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Chapter 130

Mahabharata English - DRONA PARVA

“Dhritarashtra said, ‘I regard Bhimasena’s prowess to be exceedinglywonderful, inasmuch as he succeeded in battling with Karna of singularactivity and energy. Indeed, O Sanjaya, tell me why that Karna, who iscapable of resisting in battle the very celestials with the Yakshas andAsuras and men, armed with all kinds of weapons, could not vanquish inbattle Pandu’s son Bhima blazing with resplendence? O tell me, how thatbattle took place between them in which each staked his very life. Ithink that in an encounter between the two, success is within reach ofboth as, indeed, both are liable to defeat.[156] O Suta, obtaining Karnain battle, my son Suyodhana always ventures to vanquish the sons ofPritha with Govinda and the Satwatas. Hearing, however, of the repeateddefeat in battle of Karna by Bhimasena of terrible deeds, a swoon seemsto come upon me, I think, the Kauravas to be already slain, inconsequence of evil policy of my son. Karna will never succeed, OSanjaya, in vanquishing those mighty bowmen, viz., the sons of Pritha. Inall the battles that Karna has fought with the sons of Pandu, the latterhave invariably defeated him on the field. Indeed, O son, the Pandavasare incapable of being vanquished by the very gods with Vasava at theirhead. Alas, my wicked son Duryodhana knoweth it not. Having robbedPritha’s son, who is like the Lord of the treasures himself, of hiswealth, my son of little intelligence seeth not the fall like a searcherof honey (in the mountains). Conversant with deceit, he regardeth it tobe irrevocably his and always insulteth the Pandavas. Myself also, ofunrefined soul, overcome with affection for my children, scrupled not todespise the high-souled sons of Pandu that are observant of morality.Yudhishthira, the son of Pritha, of great foresight, always showedhimself desirous of peace. My sons, however, regarding him incapable,despised him. Bearing in mind all those woes and all the wrongs(sustained by the Pandavas), the mighty-armed Bhimasena battled with theSuta’s son. Tell me, therefore, O Sanjaya, how Bhima and Karna, those twoforemost of warriors, fought with each other, desirous of taking eachother’s life!’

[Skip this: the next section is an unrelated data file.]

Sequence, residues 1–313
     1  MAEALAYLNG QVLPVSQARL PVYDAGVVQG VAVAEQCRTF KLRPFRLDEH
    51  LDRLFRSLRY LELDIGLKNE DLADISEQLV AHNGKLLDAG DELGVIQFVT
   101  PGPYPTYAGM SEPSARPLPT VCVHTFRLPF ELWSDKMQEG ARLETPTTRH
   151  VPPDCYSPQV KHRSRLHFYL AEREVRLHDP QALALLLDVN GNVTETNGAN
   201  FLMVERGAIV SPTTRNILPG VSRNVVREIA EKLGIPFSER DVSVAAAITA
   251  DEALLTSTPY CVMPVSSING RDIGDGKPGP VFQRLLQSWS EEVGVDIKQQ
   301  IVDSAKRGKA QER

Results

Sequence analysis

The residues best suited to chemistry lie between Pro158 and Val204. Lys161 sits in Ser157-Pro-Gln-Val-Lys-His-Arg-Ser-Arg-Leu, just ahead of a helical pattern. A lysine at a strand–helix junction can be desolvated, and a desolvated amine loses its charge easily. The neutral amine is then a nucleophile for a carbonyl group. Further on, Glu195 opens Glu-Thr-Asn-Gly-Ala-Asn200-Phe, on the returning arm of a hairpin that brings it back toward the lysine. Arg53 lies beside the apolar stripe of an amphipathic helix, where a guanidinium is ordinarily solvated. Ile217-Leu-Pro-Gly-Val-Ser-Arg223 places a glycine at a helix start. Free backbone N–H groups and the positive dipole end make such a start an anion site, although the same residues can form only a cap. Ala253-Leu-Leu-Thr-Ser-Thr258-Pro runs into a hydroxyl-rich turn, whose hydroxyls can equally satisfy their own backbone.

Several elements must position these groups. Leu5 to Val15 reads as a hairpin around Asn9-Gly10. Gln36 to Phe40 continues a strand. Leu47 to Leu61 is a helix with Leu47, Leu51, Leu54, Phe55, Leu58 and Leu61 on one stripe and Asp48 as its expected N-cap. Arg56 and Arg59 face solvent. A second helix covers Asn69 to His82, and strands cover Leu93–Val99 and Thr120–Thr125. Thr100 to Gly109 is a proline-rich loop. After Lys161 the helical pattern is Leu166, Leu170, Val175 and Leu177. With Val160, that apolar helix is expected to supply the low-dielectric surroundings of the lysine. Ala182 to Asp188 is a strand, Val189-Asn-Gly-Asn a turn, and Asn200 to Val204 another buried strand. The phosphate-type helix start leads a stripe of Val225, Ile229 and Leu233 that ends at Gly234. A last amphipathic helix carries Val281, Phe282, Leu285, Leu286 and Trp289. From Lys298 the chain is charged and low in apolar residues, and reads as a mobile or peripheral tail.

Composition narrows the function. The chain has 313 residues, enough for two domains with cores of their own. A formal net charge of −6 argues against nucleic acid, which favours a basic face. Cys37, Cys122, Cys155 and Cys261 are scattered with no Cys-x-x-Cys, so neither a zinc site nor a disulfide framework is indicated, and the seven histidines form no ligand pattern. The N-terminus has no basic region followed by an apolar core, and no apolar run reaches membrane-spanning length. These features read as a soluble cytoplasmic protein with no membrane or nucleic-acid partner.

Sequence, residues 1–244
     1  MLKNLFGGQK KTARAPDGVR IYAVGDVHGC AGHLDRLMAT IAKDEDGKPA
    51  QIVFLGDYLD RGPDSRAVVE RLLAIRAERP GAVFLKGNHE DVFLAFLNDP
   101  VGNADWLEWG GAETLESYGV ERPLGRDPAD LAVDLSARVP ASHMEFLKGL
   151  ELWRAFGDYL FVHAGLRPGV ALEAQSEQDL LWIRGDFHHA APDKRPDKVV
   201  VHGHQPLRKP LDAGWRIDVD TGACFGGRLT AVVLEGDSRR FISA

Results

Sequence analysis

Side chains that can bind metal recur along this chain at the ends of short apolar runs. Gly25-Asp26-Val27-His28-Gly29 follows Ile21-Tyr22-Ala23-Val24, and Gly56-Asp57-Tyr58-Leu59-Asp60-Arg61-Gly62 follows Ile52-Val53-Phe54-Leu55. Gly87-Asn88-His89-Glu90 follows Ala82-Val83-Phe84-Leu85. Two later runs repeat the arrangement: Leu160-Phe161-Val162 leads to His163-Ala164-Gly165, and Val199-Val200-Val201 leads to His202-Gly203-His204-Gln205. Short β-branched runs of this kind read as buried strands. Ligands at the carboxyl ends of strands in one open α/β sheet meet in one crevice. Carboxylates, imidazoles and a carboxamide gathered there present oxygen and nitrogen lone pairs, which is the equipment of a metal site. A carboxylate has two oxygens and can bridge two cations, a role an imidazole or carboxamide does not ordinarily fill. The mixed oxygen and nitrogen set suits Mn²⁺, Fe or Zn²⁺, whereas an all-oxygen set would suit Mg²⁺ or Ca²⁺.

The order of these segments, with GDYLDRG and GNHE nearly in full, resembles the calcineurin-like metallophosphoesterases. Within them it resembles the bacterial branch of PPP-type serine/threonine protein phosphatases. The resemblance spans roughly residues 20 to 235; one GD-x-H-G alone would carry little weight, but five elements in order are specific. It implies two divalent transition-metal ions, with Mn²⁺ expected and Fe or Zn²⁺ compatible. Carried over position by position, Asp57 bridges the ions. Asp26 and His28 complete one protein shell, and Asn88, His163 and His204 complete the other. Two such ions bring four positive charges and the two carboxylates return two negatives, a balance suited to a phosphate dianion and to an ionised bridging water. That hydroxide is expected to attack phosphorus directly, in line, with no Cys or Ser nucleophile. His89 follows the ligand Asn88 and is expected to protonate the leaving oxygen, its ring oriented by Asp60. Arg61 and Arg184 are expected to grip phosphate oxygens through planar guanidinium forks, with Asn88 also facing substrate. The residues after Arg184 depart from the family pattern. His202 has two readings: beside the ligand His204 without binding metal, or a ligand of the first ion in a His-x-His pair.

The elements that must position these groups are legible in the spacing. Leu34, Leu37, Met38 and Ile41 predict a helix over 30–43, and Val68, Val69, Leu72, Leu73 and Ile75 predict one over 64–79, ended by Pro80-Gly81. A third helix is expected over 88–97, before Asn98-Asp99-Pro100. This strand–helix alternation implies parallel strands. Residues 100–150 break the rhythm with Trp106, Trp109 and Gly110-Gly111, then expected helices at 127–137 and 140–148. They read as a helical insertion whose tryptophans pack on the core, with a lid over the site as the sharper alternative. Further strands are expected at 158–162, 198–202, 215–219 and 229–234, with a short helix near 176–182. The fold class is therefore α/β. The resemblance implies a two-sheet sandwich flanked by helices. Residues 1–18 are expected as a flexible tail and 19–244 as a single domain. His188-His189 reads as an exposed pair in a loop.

`Sanjaya said, ‘Hear, O king, how the battle took place between Karna andBhima which resembled an encounter between two elephants in the forest,desirous of slaying each other. The son of Vikartana, O king, excitedwith rage and putting forth his prowess, pierced that chastiser of foes,viz., the angry Bhima of great prowess with thirty shafts. Indeed, Ochief of Bharata’s race, Vikartana’s son struck Bhima with many arrows ofkeen points, decked with gold, and endued with great impetuosity. Bhima,however, with three sharp shafts cut off the bow of Karna, as the latterwas engaged in striking him. And with a broad-headed arrow, the son ofPandu then felled on the earth Karna’s charioteer from his niche in thecar. The son of Vikartana, then desirous of slaying Bhimasena, seized adart whose shaft was adorned with gold and stones of lapis lazuli.Grasping that fierce dart, which resembled a second dart of death, anduplifting and aiming it, the mighty son of Radha hurled it at Bhimasenawith a force sufficient to take away Bhima’s life. Hurling that dart,like Purandara hurling the thunderbolt, Radha’s son of great strengthuttered a loud roar. Hearing that roar thy sons became filled withdelight. Bhima, however, with seven swift arrows, cut off in the welkinthat dart endued with the effulgence of the sun or fire, hurled from thehands of Karna. Cutting off that dart, resembling a snake just freed fromits slough, Bhima, O sire, as if on the lookout for taking thelife-breath of the Suta’s son, sped, in great wrath, many shafts in thatbattle that were equipped with peacock-feathers and golden wings and eachof which, whetted of’ stone, resembled the rod of Yama. Karna also ofgreat energy, taking up another formidable bow, the back of whose staffwas adorned with gold, and drawing it with force, shot many shafts. Theson of Pandu, however, cut off all those arrows with nine straight arrowsof his own. Having cut off, O ruler of men those mighty shafts shot byVasushena, Bhima, O monarch, uttered a loud roar like that of a lion.Roaring at each other like two mighty bulls for the sake of a cow inseason, or like two tigers for the sake of the same piece of meat, theyendeavoured to strike each other, each being desirous of finding theother’s laches. At times they looked at each other with angry eyes, liketwo mighty bulls in a cow-pen. Then like two huge elephants striking eachother with the points of their tusks, they encountered each other withshafts shot from their bows drawn to the fullest stretch. Scorching eachother, O king, with their arrowy showers, they put forth their prowessupon each other, eyeing each other in great wrath. Sometimes laughing ateach other, and sometimes rebuking each other, and sometimes blowingtheir conchs, they continued to fight with each other. Then Bhima oncemore cut Karna’s bow at the handle, O sire, and despatched by means ofhis shafts the latter’s steeds, white as conchs, to the abode of Yama,and the son of Pandu also felled his enemy’s charioteer from his niche inthe car. Then Karna, the son of Vikartana, made steedless and driverless,and covered in that battle (with shafts), became plunged into greatanxiety. Stupefied by Bhima with his arrowy showers, he knew not what todo. Beholding Karna placed in the distressful plight, king Duryodhana,trembling with wrath, commended (his brother) Durjaya, saying, ‘Go, ODurjaya! There the son of Pandu is about to devour the son of Radha! Slaythat beardless Bhima soon, and infuse strength into Karna!’ Thusaddressed, the son Durjaya, saying unto Duryodhana, ‘So be it’, rushedtowards Bhimasena engaged (with Karna) and covered him with arrows. AndDurjaya struck Bhima with nine shafts, his steeds with eight, his driverwith six, his standard with three, and once more Bhima himself withseven. Then Bhimasena, excited with wrath, piercing with his shafts thevery vitals of Durjaya, and his steeds and driver, despatched them ofYama’s abode. Then Karna, weeping in grief, circumambulated that son ofthine, who, adorned with ornaments, lay on the earth, writhing like asnake. Bhima then, having made that deadly foe of his, viz., Karna,carless, smiling by covered him with shafts and made him look like aSataghni with numberless spikes on it. The Atiratha Karna, however, thatchastiser of foes, though thus pierced with arrows, did not yet avoid theenraged Bhima in battle.'”